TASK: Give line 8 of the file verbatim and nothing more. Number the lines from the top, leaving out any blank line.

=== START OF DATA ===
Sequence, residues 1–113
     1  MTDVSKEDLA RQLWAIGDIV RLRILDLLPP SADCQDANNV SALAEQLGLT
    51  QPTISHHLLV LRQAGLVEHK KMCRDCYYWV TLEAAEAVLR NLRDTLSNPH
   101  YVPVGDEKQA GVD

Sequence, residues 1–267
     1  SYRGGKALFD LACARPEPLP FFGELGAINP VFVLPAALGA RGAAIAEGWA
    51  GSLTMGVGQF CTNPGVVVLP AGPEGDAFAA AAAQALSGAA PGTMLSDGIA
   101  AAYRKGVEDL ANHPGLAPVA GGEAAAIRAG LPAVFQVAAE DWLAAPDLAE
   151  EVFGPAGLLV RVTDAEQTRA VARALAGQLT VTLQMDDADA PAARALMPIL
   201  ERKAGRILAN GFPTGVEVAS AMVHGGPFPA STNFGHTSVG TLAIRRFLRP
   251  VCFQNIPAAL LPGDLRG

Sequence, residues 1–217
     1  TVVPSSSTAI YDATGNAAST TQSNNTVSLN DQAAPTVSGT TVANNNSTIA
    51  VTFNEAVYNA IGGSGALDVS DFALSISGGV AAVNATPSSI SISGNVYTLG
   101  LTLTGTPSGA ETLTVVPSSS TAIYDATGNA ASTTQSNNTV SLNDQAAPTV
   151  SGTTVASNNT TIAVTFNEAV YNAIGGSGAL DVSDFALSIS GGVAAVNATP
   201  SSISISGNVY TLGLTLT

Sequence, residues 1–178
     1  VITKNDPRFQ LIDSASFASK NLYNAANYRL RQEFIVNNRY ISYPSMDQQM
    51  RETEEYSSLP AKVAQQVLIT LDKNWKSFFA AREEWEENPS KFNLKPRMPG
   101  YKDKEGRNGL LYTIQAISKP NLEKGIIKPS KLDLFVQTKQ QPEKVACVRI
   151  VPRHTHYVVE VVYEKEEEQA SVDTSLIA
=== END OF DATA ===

   101  AAYRKGVEDL ANHPGLAPVA GGEAAAIRAG LPAVFQVAAE DWLAAPDLAE